The shades of darkness descend in the second Veille, and Venus appears, risen fully formed from the sea. This is a pointed reference to Louis XIV, taking command at the age of 14, throwing off the authority of Cardinals and courtiers. Though the Three Graces sang the praises of Venus, the connections must have been obvious. Thus choruses of Italians and Spaniards (rivals of the French) praise “unvanquished France”, united behind the leadership of Louis “Le plus Grand des Monarques”, as Venus herself declared. If the Moon symbolizes purity, Hercules symbolizes manly heroism. The Third Veille is a panorama where countertenor, bass, and male and female voices interact with orchestral interludes, replete with dramatic sound effects (instruments suggesting wind and thunder). The contrast between countertenor and bass was particularly vivid, performed here with great brio, the orchestra equally animated. Greek Gods, witches and figures from Antiquity emerge but the real subject is clearly Louis the King. Venus and Juno have extended rÈcits which acknowledge opposition but posit that a strong, benevolent ruler can triumph. The “love” here means love for an absolute King. Also extremely effective, the trio of male voices in the Chorus of Brooks and Breezes, “Dormi, dormi, o Sonno, dormi”. The last Veille describes Orpheus’s entry into the Underworld. Hero as he is, he cannot defy the laws of Life and Death. Night symbolizes sleep, dreams and submission, to Fate, Time and Nature. Then Apollo appears, promising the retun of “mio figlio”, the sun and Spring.
This set the context for the Grand Ballet, where Louis XIV himself appeared, garbed in golden splendour as the Sun, his headress emanating rays of light.”Depuis que j’ouvre l’Orient” the rÈcit of Aurore – beautifully sung and phrased by tenor, “jamais si pompeuse et si fiere……Le Soleil qui me suit c’est le jeune LOUIS”. The Chorus, representing the Planets hail the king. Now the orchestra burst forth with full enegy, percussion announcing the triumphal procession of the King into centre stage. The rhythmic energy of these orchestral interludes suggests that Louis XIV was an accomplished athlete – nothing wimpy about that dancing. Hercules and Beauty (baritone and soprano) united to sing of “Altro gallico Alcide orso d’affecto”. Cosmic forces indeed! Glorious final chorus, “All’impero d’Amore hi non ceder‡, S’‡ lui cede il valore d’ogni deit‡”. The effect must have dazzled the Court of Louis XIV, blinding them into silence. Le Concert Royal de la Nuit marks the start of music, theatre, dance and opera as we know them now, but also marked a turning point in French history. Ensemble Correspondances have been performing Le Concert Royal de la Nuit in staged performance, complete with dancers, in recent years (premiering in Caen), so let’s hope a miracle happens and we might get to see it in London. (William Christie and Les Arts Florissants have done a shortened unstaged version but with dancers). Until, then, give thanks and praise to Saint John’s Smith Square and above all to the London Festival, of Baroque Music who had the courage to sponsor this remarkable series. Support their commitment and dedication !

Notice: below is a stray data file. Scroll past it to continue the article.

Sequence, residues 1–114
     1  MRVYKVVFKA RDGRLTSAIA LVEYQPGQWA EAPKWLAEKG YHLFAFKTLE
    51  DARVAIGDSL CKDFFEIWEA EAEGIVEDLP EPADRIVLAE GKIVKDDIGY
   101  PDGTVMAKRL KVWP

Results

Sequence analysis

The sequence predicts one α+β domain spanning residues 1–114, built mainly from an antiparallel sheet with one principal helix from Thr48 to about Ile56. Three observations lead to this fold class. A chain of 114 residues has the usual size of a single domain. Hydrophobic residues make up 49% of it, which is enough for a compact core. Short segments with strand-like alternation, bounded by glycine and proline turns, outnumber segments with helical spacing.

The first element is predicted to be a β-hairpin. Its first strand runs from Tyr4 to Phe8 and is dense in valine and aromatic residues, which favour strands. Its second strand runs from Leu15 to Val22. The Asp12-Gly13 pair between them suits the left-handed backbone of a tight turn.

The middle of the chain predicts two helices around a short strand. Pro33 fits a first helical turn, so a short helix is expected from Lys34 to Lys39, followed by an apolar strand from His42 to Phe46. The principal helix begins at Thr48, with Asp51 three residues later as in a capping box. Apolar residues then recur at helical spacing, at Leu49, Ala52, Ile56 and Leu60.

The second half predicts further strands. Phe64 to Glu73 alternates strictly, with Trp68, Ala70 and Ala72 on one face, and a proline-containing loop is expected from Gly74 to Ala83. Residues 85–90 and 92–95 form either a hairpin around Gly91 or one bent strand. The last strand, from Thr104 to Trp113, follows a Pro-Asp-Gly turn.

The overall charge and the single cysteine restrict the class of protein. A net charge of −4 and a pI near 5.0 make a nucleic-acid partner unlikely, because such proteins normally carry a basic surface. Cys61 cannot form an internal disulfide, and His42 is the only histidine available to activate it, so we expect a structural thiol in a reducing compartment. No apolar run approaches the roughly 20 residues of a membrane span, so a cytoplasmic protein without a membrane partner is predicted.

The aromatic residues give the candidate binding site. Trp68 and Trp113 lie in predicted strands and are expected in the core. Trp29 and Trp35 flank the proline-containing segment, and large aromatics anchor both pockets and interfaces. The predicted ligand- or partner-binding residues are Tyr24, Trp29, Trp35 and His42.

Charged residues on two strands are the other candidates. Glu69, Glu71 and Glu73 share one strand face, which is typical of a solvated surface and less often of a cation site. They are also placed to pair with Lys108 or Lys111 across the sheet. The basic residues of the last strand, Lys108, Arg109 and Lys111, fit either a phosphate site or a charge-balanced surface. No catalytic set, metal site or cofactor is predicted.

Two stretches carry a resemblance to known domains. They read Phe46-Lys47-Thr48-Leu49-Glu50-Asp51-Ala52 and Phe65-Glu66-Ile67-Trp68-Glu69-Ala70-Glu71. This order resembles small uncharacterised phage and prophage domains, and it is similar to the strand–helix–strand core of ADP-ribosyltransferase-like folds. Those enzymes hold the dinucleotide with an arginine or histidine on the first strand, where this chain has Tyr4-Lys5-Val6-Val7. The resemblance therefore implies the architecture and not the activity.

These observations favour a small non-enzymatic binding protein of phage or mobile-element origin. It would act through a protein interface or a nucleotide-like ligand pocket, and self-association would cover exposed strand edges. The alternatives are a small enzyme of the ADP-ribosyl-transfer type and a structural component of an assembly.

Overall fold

product_by=Le Concert Royal de la Nuit : Ensemble Correspondances, SÈbastien DaucÈ, London Baroque Festival, St John’s Smith Square, London. 19th May 2018 A review by Anne Ozorio
product_id=Above: Louis XIV, Le Roi Soliel